The club scene we actually shot on the very last day of shooting. In fact it was the very last thing that we shot. The scary thing about it was that we didn’t even have a location for the shoot until the very last minute.  I was scared that we weren’t going to be able to finish what we had started. We are hoping to have a very packed house full of people dancing or that sort of thing but it didn’t work out that way. So what we did as we asked the crew to pretend that they were extras and to walk back and forth. That if you watch carefully you can see me walking back and forth as well as the bartender. So what we did as we added some of that packed house through visual effects to make it more believable. It turned out great because it was so quiet there we were able to shoot without a lot of interference. And we shot it right after we had lunch for the day. It was actually kind of nice because it was the first time I remember really getting the chance to sit down with the crew and cast and eat a meal together so that was pretty enjoyable. The bar was absolutely beautifully designed and so the production designer didn’t have a lot that she needed to do, but it turned out really great. We didn’t have a location to shoot the opening dialogue that supposed to be Jake’s voice over so we had the actor who plays Jake go close to the bathroom and recorded his audio there. Like I said, it was the very last thing that we shot and so we had plenty of time to try different takes. We had explain why Alberto didn’t have Happy Birthday written on his forehead while he was in the truck (which is something we shot the day before) so I came up with idea of just having him say align a dialogue about how has to wipe the happy birthday off of his forehead with a napkin and so we had him do that before he stepped out the door so that it would match the shot.

I Got You – More About the First Episode

We shot the opening scene on the second to last day of shooting. And it was freezing cold outside. I actually had to run and get a rental car so I had my first assistant director and my cinematographer go ahead and start the scenes before I got there. They were able to shoot the scenes where Jake and Alberto are being beat up by Steve.


I kind of felt bad that I had to go and run this important errand before I got to see it, but it turned out to be a great seeing that they put together. And I was able to join them on the interior shots of the three guys inside the truck.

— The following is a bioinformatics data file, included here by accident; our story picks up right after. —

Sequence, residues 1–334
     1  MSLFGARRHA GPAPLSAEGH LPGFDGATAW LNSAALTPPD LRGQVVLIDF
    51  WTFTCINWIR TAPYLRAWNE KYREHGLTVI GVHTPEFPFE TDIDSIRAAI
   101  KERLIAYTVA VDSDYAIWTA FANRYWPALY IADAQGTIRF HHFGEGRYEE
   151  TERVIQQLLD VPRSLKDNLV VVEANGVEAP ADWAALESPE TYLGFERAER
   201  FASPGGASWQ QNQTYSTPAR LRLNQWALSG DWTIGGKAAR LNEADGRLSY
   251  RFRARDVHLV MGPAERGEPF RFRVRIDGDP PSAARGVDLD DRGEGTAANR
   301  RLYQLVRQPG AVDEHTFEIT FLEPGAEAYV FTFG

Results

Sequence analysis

It was difficult because we were on a road that was pretty noisy, although it was supposed to be an abandoned road. It was freezing cold and I couldn’t hear what the dialogue was at all. The doors were closed and so I could only guess that the actors were delivering the lines correctly and give them a little bit of direction before we shut the doors and windows and let them do what they needed to do. We mounted a camera on the outside of the truck and we set up the microphones inside so that the actors would be mic’d up and ready to go. It was amazing to see how great the actors did. If you think about it there’s supposed to be on an abandoned road and they’re not moving at all. They were parked on the side of a road and the actors in real life got along really well but they were supposed to pretend that Michael Ring who plays the character Seth is a bad guy that they’re scared of.  I think they did a really great job with that and I was really impressed with their performance. When we started editing the scene, I was amazed at how well it came together and how believable the actors performances were.


I Got You – The First Episode



We’re only days away from having the launch of our web series. It’s been a long time coming. It started when I wrote the novel series about two years ago. I had no idea that it would lead me to this moment. All I wanted to do was create what I like to call the Gay Karate Kid. And it turned into so much more than that.


Now, we have shot over 10 episodes and although it cost me a small fortune to put together, it was worth every penny. I was able to make my dream come true, and not only create a story that I was passionate about, but also hopefully open up doors for the actors and crew that decided to join me on this journey. The first step in the process was to create a series of scripts. Now the scripts were not just like any other screenplay that I had written. They had to be a story that would be concise. And this meant that they had to be what look like about 5-minute episodes. In that short period of time I had to grab the audience and keep them engaged emotionally and at the end provide a cliffhanger that would make them want to watch the next episode.


The funny thing about it was that I was able to write these episodes very quickly. Maybe partly because I already knew the story, but maybe partly because I didn’t overthink it. I just wrote what naturally came to me. I knew I wanted to begin the story the same way that the novel began and that was seeing the character Jake stranded on an abandoned road. We don’t know whether not he’s alive or dead, but we know that something terrible is about to happen. Leaving the story on that hook I knew was a way to really grab the audience and make them want to know what was going to happen next.